'I picked up a bar bell and dead lifted 90kgs and I thought I really like this'

“ I got the bug when I competed and I won, which was a surprise because it was my first tournament.”

Michelle Guthrie at the Max Deadlift competition March 2017

Michelle Guthrie at the Max Deadlift competition March 2017

You only have to pick your phone and scroll through Facebook or Instagram to see that hitting the gym and pumping some iron has become incredibly popular. For many of the #fitfam brigade, working out is mainly for keeping in shape or as an enjoyable pastime which allows them to de-stress from a day at work. Yet for strength athletes who compete, lifting weight it is a way of life.

One such athlete is Michelle Guthrie who was recently crowned the Republic of Ireland's Strongest Woman for the lightweight category in New Ross, Co Wexford on July 1. Having lived in Galway since 2005 after studying in NUI Galway, the Clare native says the discipline of strongwoman is the same as the strongman, which has produced notable athletes such Eddie Hall, Terry Hollands, and Hafþór Júlíus Björnsson, better known as 'The Mountain' from Game of Thrones. She says; "We do all the same events as the men and we are catergorised by three different weights; lightweight which under 64kgs; middleweight under 82kgs; and heavyweight which is open weight."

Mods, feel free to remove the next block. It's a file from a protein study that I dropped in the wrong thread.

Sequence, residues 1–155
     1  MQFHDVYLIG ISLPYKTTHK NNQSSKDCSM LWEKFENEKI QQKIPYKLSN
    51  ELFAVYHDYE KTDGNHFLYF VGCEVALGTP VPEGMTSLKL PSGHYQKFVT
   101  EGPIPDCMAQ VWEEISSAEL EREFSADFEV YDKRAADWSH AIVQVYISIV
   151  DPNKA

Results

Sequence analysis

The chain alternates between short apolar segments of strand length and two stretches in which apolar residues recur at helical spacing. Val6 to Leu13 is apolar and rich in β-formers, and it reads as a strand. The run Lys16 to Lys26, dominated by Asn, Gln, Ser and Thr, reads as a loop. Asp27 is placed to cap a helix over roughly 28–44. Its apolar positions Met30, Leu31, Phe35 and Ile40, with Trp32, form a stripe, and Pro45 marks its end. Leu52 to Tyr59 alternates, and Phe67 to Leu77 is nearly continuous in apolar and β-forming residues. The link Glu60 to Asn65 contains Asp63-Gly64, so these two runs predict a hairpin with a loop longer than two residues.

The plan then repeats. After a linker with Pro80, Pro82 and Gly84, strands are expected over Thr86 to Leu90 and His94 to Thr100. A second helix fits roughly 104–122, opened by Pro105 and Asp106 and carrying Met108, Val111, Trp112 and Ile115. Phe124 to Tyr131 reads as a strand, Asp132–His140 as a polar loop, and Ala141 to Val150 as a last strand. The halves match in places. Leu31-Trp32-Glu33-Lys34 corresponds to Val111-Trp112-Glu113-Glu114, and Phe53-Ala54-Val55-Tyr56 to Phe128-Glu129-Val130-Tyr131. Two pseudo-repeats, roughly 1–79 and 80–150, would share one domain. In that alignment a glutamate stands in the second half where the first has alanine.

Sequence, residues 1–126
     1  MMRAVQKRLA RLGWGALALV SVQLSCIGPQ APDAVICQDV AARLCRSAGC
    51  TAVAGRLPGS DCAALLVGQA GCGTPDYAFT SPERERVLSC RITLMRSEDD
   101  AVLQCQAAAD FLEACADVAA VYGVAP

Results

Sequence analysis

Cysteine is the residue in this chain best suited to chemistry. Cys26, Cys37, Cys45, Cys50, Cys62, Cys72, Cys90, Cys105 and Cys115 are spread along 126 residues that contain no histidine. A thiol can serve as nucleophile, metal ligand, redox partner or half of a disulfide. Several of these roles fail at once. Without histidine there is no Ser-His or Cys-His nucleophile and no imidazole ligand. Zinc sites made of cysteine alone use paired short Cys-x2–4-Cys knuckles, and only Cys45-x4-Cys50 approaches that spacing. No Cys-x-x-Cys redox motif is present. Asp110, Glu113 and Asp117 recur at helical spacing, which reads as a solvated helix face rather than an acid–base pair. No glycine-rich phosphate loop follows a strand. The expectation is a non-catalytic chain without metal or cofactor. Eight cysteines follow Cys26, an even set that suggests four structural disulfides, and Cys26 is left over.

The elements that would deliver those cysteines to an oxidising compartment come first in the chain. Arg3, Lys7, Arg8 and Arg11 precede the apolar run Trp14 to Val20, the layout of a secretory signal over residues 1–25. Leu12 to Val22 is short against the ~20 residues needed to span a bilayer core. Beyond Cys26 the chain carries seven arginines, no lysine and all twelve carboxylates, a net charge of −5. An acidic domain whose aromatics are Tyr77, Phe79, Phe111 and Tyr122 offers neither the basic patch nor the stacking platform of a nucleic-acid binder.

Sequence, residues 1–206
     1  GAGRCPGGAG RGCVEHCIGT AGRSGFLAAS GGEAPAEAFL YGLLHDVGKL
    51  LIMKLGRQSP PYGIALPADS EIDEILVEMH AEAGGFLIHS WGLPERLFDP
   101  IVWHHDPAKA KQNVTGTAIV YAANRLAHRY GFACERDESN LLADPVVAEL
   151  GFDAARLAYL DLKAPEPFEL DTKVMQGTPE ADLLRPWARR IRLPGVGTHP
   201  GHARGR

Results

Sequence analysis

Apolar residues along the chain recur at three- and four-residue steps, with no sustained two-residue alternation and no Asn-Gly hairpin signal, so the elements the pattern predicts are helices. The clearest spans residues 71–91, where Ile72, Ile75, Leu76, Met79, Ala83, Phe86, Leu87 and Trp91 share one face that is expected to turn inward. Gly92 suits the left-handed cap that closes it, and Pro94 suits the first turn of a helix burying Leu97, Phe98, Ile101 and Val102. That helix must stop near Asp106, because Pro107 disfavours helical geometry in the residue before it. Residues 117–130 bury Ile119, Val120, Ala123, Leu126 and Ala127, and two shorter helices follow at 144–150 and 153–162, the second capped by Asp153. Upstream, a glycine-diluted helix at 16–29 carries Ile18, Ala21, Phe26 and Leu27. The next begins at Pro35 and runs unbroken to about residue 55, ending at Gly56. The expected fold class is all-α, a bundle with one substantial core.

A chance meeting

Joining Michelle in the medals' haul in Wexford was Ayesha Ullah who won the heavyweight category. Michelle, who is also an all-Ireland power lifter champion for 2015, 2016, and 2017, said a chance meeting with Ayesha and her coach Matty Costello introduced her to strongwoman.

"I took part in the all-Ireland power lifting competition in August 2015 and I won that tournament and progressed to the world championships in Sicilly where I placed third, and at that competition I met Ayesha for the first time. Even though Ayesha was based in Galway, we did not know each other. We were based in different gyms.

"Our present coach was preparing a programme for her and I did not have a coach at the time and I wanted to get better so I got in touch with him. He was organising a strongwoman competition as a fundraiser for Cancer Care West in that December and because I was not power lifting at the time I decided to give it a try. I had a lot fun, very much enjoyed it and I wanted to see how far I could go so I spoke with Matty and here I am."

Michelle's success over the past three years is all the more impressive when it is taken into consideration that she only started power lifting in 2015.

"In 2014 I started doing circuit classes and after a year and a bit I was looking for the next challenge I came across a weightlifting workshop in Galway. It was the first time I picked up a bar bell and dead lifted 90kgs and I thought I really like this, so I switched then from circuit classes to the bar bell and I progressed quite fast.

"There was a lot of weight based work in it, and from a leader board of lifts and I could see that my numbers were comparable to those who were competing. So I checked out the different power lifting federations in Ireland and decided then to give it a shot. I took the decision around May of that year to compete and took part in a tournament in August. I got the bug when I competed and I won, which was a surprise because it was my first tournament. So I decided to see where I could go with it."

Galway Strength and Performance

Michelle currently trains at Galway Strength and Performance gym which opened in April this year in Ballybrit by her coach Matty Costello.